Art/ Collection/ Art Object
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Enbroidered bed curtain

Maker:
Sarah Noyes Chester (1722–1797)
Date:
ca. 1745
Geography:
Made in Wethersfield, Connecticut, United States
Culture:
American
Medium:
Linen embroidered with wool
Dimensions:
87 3/4 x 70 5/8 in. (222.9 x 179.4 cm)
Classification:
Textiles
Credit Line:
Gift of Mr. and Mrs. Frank Coit Johnson, through their son and daughter, 1944
Accession Number:
44.140
Not on view
This piece is made of three panels of linen stitched together and embroidered with wool in satin, split, stem, star, and French-knot stitches. It is embroidered through two layers of linen, the top layer of which is extremely fine. It has been rebacked since it came to the Museum. The central area is embroidered with fruit trees and flowering plants, including pear, yellow apple, cherry, thistle, carnation, and rose. The piece is bordered on three sides with fantastic flowering vines in shades of blue, green, yellow, salmon, pink, and red.
More information exists about the life of Sarah Noyes Chester--the maker of this embroidered bed curtain--than about those of most eighteenth-century American women. Sarah was born in 1722, the daughter of the Reverend James Noyes, pastor of the First Church of New Haven, Connecticut. On November 19, 1747, at the age of twenty-five, she married Colonel John Chester (1703-1771) of Wethersfield, who was nineteen years her senior. Sarah's husband died in 1772, while he was inspecting a hayfield. From contemporary accounts of his death, it seems that he suffered a sudden heart attack. According to his obituary, Colonel John Chester was one of the wealthiest men in Wethersfield and held many important posts in the community, including Judge of the County Court. After twenty-six years of widowhood, Sarah died at the age of seventy-five on January 25, 1797. Both she and her husband rest in Wethersfield's Ancient Burying Ground. The couple had six children: four sons and two daughters. Our needlework descended through the family of her third child, a daughter named Sarah (1756-1834), who married Thomas Coit (1752-1832) of Norwich, Connecticut.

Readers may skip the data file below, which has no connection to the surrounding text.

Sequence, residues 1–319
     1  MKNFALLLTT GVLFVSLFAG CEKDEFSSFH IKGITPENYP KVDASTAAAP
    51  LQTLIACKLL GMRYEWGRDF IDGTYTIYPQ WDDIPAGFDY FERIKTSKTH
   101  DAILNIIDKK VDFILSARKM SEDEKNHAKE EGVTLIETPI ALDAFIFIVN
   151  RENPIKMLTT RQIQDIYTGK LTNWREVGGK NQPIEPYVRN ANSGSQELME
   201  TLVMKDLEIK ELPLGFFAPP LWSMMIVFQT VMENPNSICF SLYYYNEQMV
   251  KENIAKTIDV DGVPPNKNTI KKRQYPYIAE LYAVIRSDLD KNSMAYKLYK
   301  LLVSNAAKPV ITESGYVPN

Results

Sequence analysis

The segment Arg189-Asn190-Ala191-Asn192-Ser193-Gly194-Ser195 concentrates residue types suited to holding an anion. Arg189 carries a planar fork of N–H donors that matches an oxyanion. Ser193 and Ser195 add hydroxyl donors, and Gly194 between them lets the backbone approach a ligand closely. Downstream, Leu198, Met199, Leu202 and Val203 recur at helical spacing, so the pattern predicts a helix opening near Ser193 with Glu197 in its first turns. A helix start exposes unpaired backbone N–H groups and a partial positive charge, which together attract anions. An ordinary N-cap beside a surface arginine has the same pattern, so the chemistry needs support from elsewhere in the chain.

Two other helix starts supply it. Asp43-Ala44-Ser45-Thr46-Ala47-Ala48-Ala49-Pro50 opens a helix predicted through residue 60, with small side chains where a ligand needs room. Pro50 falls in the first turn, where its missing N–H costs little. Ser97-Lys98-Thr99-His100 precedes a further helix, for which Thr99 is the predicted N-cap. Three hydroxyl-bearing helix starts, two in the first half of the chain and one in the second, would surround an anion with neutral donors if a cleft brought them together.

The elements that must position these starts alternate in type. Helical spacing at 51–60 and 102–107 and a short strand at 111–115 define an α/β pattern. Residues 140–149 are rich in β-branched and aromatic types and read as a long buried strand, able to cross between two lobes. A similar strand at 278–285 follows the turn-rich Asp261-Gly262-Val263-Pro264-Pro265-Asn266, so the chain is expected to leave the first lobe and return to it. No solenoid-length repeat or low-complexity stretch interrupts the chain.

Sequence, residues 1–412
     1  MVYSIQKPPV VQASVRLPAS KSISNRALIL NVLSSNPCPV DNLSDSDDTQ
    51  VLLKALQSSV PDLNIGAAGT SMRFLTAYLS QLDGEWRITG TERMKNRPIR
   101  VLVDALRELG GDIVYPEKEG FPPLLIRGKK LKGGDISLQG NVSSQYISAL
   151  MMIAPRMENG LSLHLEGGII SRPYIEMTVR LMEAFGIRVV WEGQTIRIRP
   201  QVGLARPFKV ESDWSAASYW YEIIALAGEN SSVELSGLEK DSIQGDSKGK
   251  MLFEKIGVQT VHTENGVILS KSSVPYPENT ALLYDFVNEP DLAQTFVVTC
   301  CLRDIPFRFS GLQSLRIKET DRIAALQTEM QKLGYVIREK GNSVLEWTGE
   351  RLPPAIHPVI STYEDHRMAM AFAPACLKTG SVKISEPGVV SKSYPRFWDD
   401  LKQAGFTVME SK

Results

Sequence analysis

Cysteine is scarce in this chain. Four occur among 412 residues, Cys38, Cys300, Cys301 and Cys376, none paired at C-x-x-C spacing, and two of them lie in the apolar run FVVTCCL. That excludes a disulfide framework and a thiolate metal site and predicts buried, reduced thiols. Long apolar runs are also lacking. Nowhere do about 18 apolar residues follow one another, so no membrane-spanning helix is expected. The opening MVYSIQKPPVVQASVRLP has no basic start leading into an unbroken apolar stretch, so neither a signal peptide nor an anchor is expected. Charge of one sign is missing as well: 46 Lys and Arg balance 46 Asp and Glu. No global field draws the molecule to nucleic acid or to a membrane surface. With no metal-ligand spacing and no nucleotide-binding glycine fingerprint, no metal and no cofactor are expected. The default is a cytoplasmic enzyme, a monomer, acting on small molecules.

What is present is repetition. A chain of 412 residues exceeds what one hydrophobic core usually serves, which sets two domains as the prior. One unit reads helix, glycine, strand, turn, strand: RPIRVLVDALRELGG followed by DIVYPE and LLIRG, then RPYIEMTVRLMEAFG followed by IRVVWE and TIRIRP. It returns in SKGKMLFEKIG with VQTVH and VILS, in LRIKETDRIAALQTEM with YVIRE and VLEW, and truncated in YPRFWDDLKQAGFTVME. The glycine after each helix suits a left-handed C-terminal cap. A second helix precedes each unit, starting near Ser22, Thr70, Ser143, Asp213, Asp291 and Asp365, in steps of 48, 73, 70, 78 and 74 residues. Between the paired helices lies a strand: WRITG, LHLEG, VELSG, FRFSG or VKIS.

Although for many years this piece was thought to be a coverlet, recent research has proved that it is actually a curtain from a set of bed hangings. The set was embroidered in about 1745, perhaps in preparation for Sarah Noyes Chester's marriage. Until the nineteenth century, bed hangings were an essential part of the furnishings of any home. A complete set of bed hangings included four curtains suspended from a frame that were drawn around the bed, a stationary curtain hung at the head of the bed called a head cloth, valances that covered the top rail of the frame and hid the top edges of the four curtains, a tester cloth that was stretched over the top of the frame, and often, a matching coverlet. The two movable curtains that hung close to the head of the bed were usually one-half the width of the curtains that hung at the foot. The two narrow head curtains (90 x 37.5 in.; 228.6 x 95.3 cm) and a valance from the set of bed hangings made by Sarah Noyes Chester are in the collection of the Webb-Deane-Stevens Museum in Wethersfield. They are there because Sarah's daughter Abigail married Joseph Webb, Jr., whose father built the house that is now this museum. The composition of the embroidery on the Museum’s panel matches these pieces, and the size of the panel (87.75 x 70.63 in.; 222.9 x 179.4 cm) further indicates that it is one of the wide foot curtains from the same set.

Only one of the eighteenth-century wool-embroidered linen "bed coverings" in the Museum’s collection (61.48.1) was actually a coverlet when it was first created. Most of our other pieces of this type are either bed curtains that have been mistaken for bed coverings in the past or coverlets that were made at a later date by piecing together bed curtains and valances (see 22.55; 61.48.2). When completely draped beds went out of style soon after the turn of the nineteenth century, many families still appreciated the work of their mothers or grandmothers, and sets of these beautifully wrought embroidered bed hangings were often transformed into coverlets.

[Peck 2015; adapted from Amelia Peck, "American Quilts & Coverlets in the Metropolitan Museum of Art," 2007]
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